A ghostly bluish-white snailfish swims into view of a 4K camera. Researchers aboard the vessel Kairei were looking at the deepest fish ever captured on camera at 8,178 meters below the surface. That’s 26,830 feet or just over 5 miles. Where do you find water that deep? Where else. The Mariana Trench.
Researchers loaded a hadal-lander with mackerel and lowered it to depths of 7,498 meters and 8,178 meters to attract the life that lies in the ocean’s deep darkness. You can see the two different locations in the image below.
At the 8,178-meter depth, it took 17 hours and 37 minutes for the record breaking snailfish to show itself.
The first half of the video shows snailfish and amphipods at a depth of 7,498 meters. The second half shows the record setting snailfish at 8,178 meters.
Only one snailfish is seen at the record depth. It reappeared again, but the researchers never saw more than one at this location.
“Deep-sea organisms and their ecosystems have attracted great scientific interest;” reads the press release. “However, extremely high pressure in deep-sea trenches has prevented sampling as well as video recordings. The research team will continue investigations of hadal organisms, attempting to collect samples for analyses to better understand the population density of the organisms and the food chain at water depths below 8,000 m.”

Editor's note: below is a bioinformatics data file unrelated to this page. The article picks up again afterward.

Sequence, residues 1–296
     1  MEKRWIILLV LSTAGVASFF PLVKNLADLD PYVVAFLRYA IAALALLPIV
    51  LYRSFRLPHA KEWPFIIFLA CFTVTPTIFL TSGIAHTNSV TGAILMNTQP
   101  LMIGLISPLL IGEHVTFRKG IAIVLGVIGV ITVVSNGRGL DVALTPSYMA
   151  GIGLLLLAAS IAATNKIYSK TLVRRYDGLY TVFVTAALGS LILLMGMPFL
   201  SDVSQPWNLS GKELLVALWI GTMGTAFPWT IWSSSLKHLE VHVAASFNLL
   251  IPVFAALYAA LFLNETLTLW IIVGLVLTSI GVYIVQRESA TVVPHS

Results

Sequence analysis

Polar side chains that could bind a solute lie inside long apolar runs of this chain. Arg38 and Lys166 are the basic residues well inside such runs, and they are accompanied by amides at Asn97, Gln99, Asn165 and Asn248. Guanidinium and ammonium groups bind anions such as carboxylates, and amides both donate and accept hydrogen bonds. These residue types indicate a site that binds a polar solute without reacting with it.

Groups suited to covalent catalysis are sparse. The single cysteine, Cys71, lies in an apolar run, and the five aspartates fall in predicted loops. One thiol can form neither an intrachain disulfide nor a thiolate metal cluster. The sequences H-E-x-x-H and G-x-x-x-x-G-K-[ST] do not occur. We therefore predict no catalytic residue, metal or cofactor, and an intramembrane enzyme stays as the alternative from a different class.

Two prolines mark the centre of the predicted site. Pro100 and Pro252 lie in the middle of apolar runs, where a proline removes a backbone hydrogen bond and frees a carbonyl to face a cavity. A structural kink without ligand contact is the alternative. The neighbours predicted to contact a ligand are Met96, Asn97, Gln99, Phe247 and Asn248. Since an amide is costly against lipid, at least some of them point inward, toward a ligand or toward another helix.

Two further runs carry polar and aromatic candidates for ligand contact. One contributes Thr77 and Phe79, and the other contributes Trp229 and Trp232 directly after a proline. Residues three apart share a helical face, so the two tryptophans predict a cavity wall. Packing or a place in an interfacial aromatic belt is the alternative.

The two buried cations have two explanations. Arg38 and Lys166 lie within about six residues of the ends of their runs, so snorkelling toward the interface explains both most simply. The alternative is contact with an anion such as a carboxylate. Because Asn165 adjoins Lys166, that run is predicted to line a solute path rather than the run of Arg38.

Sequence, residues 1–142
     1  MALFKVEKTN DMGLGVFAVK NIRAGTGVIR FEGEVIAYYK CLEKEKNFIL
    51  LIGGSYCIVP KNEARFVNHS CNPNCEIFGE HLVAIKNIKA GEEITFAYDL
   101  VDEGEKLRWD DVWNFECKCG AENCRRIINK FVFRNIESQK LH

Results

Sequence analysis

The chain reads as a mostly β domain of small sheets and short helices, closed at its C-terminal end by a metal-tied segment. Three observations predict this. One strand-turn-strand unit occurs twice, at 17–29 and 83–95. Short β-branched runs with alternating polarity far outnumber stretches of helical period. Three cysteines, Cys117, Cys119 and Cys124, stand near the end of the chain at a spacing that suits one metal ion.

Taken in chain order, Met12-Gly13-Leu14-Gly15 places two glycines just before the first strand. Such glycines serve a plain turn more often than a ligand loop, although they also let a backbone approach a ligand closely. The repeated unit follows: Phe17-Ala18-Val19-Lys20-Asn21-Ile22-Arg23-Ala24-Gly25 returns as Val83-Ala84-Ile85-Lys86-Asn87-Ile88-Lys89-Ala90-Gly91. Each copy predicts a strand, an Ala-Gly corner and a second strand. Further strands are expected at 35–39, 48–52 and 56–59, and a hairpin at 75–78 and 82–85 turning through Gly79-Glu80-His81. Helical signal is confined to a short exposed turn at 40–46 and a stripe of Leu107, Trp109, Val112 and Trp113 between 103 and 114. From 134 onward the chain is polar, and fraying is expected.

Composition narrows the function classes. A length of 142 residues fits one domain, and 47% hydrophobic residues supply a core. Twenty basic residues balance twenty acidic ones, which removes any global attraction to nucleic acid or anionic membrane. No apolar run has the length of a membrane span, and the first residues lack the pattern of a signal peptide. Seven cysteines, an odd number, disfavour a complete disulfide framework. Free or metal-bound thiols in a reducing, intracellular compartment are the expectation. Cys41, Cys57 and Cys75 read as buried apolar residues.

How deep can a fish go?
The snailfish seen above is pushing the limit. Fish at these extreme depths produce a substance called an osmolyte. Without it, fish would succumb to the incredible pressure found thousands of meters below the ocean surface. Once you get past 8,200 meters, researchers believe a fish can no longer produce this substance.
While the snailfish is approaching its maximum possible depth, it’s nowhere near the deepest point in the Mariana Trench. That belongs to a slot-shaped valley called Challenger Deep. The snailfish above would need to dive another 9,000+ feet to reach the deepest known point at 36,070 feet.
Filmmaker James Cameron made headlines five years ago when he used a specially designed sub to reach a depth of 35,787 feet. Here’s a short clip that’ll get your palms nice and sweaty.
More video footage of the snailfish will be presented at a special exhibition at the National Museum of Nature and Science in Tokyo on August 28, 2017.
Image credits: JAMSTEC